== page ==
Because herbicide use is not permitted on organic farms, managing weeds can be intimidating for new organic growers. According to the Canadian Organic Agriculture Centre at Dalhousie University, wild oats, wild mustard, thistles and quack grass cause the most difficulties. McKenzie admits, “I’ve had wrecks some years — thistle fluff blowing all over the place.”

Cody Straza farms 2,200 acres of cereals, pulses, and oilseeds near Wood Mountain, Sask. He doesn’t stress out about weeds because he knows “they can be managed.” He uses “many little hammers” to control them, including narrow row spacing, staggered planting dates, long crop rotations, and tillage. Seeding rates tend to be higher depending on weed pressures too.

Graham Pusch and his brother farm 4,000 organic acres near Windthorst in southeastern Saskatchewan. In addition to growing wheat, oats, flax, peas, rye and barley, they keep about 700 acres in alfalfa and 500 acres in pasture. To control weeds, Pusch puts cereal crops onto land that has been in alfalfa. Not only is weed control effective, but “alfalfa is a profitable crop on its own.” Frick notes that weed control is easier in areas with less moisture; unfortunately, incorporating alfalfas and green manures into the rotation is easier in areas where there is more moisture. Organic farmers must watch and manage weeds differently, but most don’t feel daunted by it.

Pre-transition Fear 2: Endless paperwork
Record keeping is crucial to organic certification. Farms can lose their organic status by not documenting their activities. But according to Graham Pusch, “record keeping isn’t as onerous as it is made out to be. Good conventional farmers do it anyway.” Frick agrees: “If you have ever grown certified seed, it’s nowhere near that hard.” Farmers must number bins and track what is in them. They keep accurate field histories and maps as well as an up-to-date audit trail.

For Straza having a system is key to managing the paperwork and he’s using information technology to help him. He’s downloaded Dropbox onto his smart phone which allows him to access his farm records. As he finishes a task, like harrowing a particular field, he updates his records via his phone before he’s even off the tractor. That way “there’s no big panic the day before the inspector is supposed to come.”

Pre-transition Fear 3: Unstable transition period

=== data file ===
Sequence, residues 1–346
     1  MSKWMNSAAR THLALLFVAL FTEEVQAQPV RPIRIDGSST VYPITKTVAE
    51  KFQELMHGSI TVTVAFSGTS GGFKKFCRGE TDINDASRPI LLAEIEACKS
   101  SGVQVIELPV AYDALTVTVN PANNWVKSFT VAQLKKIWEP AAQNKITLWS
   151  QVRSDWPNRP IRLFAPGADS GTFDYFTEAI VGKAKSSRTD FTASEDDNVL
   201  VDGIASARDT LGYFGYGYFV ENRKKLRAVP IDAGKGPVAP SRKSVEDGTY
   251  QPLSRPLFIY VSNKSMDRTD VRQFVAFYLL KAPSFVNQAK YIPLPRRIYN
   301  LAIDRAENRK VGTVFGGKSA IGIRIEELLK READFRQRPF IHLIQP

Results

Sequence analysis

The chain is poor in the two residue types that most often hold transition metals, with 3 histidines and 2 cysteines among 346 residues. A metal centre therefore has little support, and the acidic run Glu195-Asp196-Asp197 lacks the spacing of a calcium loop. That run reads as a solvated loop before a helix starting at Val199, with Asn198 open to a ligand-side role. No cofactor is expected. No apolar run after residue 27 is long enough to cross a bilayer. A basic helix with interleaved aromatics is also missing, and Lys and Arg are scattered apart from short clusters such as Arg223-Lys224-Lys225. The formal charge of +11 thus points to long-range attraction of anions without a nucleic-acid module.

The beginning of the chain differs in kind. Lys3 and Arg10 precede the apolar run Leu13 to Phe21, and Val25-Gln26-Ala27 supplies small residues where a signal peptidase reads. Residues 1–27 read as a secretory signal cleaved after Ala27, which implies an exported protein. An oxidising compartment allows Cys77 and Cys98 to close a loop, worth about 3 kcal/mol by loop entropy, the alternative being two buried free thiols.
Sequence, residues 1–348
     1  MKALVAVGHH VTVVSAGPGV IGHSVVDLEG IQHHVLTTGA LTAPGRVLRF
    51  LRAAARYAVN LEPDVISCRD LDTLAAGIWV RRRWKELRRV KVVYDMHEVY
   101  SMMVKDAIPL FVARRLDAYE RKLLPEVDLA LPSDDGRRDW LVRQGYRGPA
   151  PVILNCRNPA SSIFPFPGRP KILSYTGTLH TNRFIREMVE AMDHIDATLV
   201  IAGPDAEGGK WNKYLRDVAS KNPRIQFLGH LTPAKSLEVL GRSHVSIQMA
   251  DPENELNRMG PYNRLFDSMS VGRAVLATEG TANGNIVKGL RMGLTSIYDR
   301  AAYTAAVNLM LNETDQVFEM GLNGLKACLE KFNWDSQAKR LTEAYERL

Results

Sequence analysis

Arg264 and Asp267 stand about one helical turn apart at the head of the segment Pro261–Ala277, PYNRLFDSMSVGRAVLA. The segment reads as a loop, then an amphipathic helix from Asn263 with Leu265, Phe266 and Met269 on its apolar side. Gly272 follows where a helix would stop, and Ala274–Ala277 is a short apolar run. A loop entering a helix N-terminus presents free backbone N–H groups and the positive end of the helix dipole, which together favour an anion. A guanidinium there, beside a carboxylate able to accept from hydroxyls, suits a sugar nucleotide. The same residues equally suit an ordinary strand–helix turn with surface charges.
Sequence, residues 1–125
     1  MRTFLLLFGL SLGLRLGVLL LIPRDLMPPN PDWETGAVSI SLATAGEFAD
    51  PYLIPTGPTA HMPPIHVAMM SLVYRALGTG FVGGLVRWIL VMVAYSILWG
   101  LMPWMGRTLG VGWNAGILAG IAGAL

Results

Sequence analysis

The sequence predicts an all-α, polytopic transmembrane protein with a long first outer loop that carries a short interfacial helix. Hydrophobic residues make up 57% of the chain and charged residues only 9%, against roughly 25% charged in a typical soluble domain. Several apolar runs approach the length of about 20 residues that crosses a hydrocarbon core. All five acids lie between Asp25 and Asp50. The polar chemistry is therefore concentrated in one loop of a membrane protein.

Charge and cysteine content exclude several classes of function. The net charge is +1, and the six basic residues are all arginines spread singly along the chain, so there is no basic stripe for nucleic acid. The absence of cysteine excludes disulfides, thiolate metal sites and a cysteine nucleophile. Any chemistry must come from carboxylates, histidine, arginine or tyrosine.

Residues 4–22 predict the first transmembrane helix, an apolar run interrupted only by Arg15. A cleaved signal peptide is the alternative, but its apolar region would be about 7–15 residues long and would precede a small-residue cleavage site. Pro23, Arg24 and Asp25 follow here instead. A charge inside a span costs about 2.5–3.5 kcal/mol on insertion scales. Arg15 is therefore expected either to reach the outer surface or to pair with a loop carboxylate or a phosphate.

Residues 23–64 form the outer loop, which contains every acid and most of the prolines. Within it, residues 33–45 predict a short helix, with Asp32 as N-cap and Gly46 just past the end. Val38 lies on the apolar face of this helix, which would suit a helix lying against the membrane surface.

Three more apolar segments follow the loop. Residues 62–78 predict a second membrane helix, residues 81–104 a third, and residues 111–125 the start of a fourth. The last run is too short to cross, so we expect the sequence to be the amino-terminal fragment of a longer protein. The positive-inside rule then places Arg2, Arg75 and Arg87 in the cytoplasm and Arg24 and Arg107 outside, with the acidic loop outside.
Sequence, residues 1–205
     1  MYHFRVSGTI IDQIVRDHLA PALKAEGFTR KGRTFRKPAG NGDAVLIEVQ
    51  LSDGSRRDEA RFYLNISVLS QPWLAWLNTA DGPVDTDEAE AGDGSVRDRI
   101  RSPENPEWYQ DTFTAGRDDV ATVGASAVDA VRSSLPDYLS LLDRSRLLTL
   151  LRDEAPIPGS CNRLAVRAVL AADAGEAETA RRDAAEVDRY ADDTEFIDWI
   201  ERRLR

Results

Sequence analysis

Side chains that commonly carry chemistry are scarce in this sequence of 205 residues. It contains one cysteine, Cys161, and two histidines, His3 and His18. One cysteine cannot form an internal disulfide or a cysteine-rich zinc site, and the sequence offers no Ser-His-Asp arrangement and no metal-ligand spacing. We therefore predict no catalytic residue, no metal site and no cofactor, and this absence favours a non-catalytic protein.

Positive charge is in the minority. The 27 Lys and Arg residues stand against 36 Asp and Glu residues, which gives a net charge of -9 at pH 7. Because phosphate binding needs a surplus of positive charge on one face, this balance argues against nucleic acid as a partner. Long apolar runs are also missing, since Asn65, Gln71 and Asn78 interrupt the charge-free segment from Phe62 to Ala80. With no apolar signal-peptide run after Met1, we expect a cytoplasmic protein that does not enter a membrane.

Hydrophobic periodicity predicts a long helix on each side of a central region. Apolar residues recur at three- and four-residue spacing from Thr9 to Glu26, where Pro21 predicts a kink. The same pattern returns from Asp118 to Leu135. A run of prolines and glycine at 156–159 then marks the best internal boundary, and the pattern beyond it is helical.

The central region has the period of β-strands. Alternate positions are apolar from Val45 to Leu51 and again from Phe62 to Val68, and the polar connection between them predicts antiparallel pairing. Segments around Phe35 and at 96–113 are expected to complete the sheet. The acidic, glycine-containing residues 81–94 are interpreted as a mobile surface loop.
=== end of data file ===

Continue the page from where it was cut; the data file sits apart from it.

Grain operations must undergo a three-year transition period during which the fields cannot be farmed using conventional agronomic practices but the crops may not yet be sold as certified organic. During this time, farms may be financially vulnerable because organic premiums are not yet coming in to compensate for the lower yields. During transition, farmers usually concentrate on soil fertility and weed control, and launch their new record keeping systems.

Instability makes any farmer nervous, but Graham Pusch says, “Transition wasn’t a major issue for us.” The Pusch brothers transitioned over several years, from 2004 to 2012. Every field was in alfalfa or pasture for a couple of years so they still earned an income. Because they used conventional and organic farming systems side by side, they had to be extra careful — for instance, they could not grow the same crop under both systems in the same year. Perhaps because of this staggered approach, Pusch didn’t find the variation in income any greater than the usual year-to-year variations in farming revenues.

With support from mentors and organic organizations, farmers can effectively navigate transition both financially and agronomically. The main thing, says Straza, is that each farm builds its own roadmap.

Pre-transition Fear 4: Lower yields
Yields on organic farms generally do drop but Straza says it all balances out: “The yield is less than our conventional neighbours, but it’s not exponentially less and the premium makes up for that. Plus the offset inputs are a bonus.”

The Pusch brothers’ yields are within 25 per cent of conventional yields; at times their oats and wheat have done as well as conventional crops. One of Alan McKenzie’s biggest successes was growing a 50-bushel per acre wheat crop. The yields are smaller, but, as these farmers indicate, not to the economic detriment of the farm. As producers becomes more experienced growing organically, the yields tend to rise.


Resources for organic farmers

There are many places to find more information about transitioning to organic farming.

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About the author

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Patty Milligan is a freelance writer based at Bon Accord, Alta.